Don’t Forget Why You Went to Law School

Since I graduated from MU Law just a few short years ago, I’ve had the opportunity to work closely with many students. While it is unusual to be able to give back so quickly after going out into the real world, it is by far the best part of being a practicing attorney.

Every student I come across I make a point of asking, “Why did you go to law school?” While the reasons vary, without a single exception, there is one common theme:

“Because I want to help people.”

Sure, some go to law school with dreams of the high-rise condo, the shiny cars and the $200 steak. But even they will tell you that part of them wanted to go because they “want to help people.” Otherwise they would go be a stockbroker or business executive.

Each semester law students come to my office eager to learn and help low-income individuals with their problems. For free. In fact, these students pay to listen to me drone on about Rent and Possession and call clients to get their side of the story.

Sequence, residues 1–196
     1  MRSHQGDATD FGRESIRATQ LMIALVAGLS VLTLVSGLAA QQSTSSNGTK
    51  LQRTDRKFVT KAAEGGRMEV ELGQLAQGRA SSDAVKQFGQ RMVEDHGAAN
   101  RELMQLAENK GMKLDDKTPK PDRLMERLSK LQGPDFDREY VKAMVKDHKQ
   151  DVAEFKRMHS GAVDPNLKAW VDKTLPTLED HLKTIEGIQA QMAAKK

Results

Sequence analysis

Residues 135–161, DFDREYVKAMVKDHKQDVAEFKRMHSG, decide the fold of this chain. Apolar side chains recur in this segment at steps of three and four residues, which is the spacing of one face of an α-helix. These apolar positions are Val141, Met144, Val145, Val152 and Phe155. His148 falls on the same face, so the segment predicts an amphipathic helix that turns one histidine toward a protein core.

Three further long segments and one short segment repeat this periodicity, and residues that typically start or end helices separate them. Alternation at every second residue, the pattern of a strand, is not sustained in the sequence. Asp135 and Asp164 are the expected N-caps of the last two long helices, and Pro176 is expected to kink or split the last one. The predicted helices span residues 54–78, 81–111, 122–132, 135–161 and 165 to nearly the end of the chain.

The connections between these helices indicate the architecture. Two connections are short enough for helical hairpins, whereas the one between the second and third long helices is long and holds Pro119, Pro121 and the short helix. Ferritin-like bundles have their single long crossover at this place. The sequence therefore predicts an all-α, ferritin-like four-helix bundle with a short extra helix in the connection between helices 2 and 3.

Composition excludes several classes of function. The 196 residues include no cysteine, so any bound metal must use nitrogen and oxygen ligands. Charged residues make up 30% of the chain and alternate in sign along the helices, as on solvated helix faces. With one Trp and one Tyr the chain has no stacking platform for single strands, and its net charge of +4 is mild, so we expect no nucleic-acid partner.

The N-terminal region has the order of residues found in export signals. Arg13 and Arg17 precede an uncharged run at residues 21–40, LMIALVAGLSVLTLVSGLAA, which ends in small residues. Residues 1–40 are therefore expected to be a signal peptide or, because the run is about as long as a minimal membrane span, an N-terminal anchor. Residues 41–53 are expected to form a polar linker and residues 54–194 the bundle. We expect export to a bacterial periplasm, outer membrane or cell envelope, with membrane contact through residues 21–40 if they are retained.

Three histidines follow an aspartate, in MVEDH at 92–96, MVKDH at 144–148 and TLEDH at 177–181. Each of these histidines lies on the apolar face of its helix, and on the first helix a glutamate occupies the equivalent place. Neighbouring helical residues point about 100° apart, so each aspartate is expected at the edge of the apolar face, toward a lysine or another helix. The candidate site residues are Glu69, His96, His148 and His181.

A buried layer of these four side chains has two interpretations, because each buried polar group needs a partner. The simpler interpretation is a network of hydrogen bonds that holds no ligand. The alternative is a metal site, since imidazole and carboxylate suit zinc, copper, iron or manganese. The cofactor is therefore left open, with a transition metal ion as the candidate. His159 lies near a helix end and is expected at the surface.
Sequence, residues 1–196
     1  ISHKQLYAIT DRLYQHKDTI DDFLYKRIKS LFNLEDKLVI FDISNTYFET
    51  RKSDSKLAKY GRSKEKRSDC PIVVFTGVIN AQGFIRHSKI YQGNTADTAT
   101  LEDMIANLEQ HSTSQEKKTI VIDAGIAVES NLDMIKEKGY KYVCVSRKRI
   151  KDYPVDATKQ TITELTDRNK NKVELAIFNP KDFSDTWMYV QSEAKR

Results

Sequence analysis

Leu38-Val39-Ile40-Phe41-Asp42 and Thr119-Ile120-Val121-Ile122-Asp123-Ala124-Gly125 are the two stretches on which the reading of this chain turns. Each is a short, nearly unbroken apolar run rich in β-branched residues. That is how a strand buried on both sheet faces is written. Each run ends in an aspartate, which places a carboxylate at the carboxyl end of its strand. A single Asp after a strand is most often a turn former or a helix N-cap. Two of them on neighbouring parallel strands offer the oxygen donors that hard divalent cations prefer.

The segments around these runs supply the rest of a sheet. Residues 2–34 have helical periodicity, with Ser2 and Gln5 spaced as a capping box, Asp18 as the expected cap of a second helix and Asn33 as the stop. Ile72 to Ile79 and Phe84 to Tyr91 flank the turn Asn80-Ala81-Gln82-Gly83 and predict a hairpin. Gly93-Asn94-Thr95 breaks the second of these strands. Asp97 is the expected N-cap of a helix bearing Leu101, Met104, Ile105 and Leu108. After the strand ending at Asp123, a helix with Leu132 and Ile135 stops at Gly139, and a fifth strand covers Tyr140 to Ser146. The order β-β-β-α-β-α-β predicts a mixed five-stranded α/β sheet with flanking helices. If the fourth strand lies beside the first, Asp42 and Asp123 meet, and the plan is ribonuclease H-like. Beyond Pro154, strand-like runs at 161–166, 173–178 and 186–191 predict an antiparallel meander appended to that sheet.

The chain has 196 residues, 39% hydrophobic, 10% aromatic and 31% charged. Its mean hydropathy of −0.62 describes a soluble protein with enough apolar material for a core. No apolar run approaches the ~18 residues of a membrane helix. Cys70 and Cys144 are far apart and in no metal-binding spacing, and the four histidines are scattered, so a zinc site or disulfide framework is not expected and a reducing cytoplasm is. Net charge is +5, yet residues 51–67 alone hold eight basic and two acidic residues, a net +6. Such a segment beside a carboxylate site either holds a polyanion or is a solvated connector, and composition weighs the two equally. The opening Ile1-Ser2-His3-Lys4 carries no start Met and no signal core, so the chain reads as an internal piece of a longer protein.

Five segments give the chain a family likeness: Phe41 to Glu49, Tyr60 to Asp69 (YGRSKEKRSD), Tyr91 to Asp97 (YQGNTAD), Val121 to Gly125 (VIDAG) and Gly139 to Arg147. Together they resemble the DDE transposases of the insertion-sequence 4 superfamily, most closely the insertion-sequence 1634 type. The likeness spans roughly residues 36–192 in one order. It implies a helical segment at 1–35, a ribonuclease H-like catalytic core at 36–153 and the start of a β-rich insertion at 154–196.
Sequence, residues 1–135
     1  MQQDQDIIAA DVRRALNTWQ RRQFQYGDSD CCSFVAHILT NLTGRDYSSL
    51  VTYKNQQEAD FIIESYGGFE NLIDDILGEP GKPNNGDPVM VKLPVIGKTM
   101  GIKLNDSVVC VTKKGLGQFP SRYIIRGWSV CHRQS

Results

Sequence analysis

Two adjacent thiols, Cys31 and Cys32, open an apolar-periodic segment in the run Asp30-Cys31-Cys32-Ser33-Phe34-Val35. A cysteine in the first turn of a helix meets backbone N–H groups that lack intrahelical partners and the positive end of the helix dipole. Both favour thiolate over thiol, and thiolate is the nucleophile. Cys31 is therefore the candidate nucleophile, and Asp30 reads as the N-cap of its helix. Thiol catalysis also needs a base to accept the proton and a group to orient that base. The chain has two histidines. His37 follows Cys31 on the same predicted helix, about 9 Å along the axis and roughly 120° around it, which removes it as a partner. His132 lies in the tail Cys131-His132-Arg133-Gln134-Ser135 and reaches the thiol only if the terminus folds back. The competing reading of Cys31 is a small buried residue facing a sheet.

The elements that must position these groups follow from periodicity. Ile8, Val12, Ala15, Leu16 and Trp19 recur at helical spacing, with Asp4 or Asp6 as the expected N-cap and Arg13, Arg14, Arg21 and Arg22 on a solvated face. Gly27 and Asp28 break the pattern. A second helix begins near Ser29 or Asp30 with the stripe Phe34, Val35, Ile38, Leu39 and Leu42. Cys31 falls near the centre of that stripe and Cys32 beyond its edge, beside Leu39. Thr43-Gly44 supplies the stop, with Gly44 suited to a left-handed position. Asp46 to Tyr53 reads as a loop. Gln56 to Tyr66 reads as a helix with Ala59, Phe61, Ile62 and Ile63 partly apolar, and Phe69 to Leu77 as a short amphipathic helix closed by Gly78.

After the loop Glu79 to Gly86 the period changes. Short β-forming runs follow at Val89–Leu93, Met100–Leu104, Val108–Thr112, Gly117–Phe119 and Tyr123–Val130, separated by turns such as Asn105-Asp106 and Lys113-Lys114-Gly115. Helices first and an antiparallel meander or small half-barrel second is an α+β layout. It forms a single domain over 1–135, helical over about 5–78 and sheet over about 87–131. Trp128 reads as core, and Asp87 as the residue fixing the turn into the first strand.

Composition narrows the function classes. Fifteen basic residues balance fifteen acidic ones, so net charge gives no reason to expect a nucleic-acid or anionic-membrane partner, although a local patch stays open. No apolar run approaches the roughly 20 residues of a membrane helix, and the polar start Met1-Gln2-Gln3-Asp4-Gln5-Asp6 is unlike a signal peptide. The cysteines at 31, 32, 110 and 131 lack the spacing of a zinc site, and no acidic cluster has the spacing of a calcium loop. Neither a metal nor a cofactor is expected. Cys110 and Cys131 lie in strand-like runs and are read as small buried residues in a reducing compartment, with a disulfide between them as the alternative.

Why? Because they want to help people.

Within a few years of graduation, something changes for many of these former bright-eyed and bushy-tailed law students. Life happens. They get a job. A house. Some get married and have kids. They have bills to pay and they forget why they went to law school in the first place.

They forget to give back to the community. To those that need their help the most. To those that can’t pay the bill.

In Boone County alone, 18.4%, or 30,475 people, live at or below the federal poverty level. To put that in perspective, if you are a single person working 30 hours a week at McDonalds, you are above the poverty level. That is a lot of people who lack the ability to pay for an attorney when they need help.

So don’t forget why you went to law school. Don’t forget to help those in need. Don’t forget the importance of pro bono service.

-  Michael Carney, Housing Attorney with Mid-Missouri Legal Services